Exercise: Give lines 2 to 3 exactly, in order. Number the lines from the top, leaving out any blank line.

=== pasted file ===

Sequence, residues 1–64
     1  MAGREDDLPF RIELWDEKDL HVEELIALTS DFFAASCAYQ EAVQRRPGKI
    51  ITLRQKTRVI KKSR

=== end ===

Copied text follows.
     1  MAGREDDLPF RIELWDEKDL HVEELIALTS DFFAASCAYQ EAVQRRPGKI
    51  ITLRQKTRVI KKSR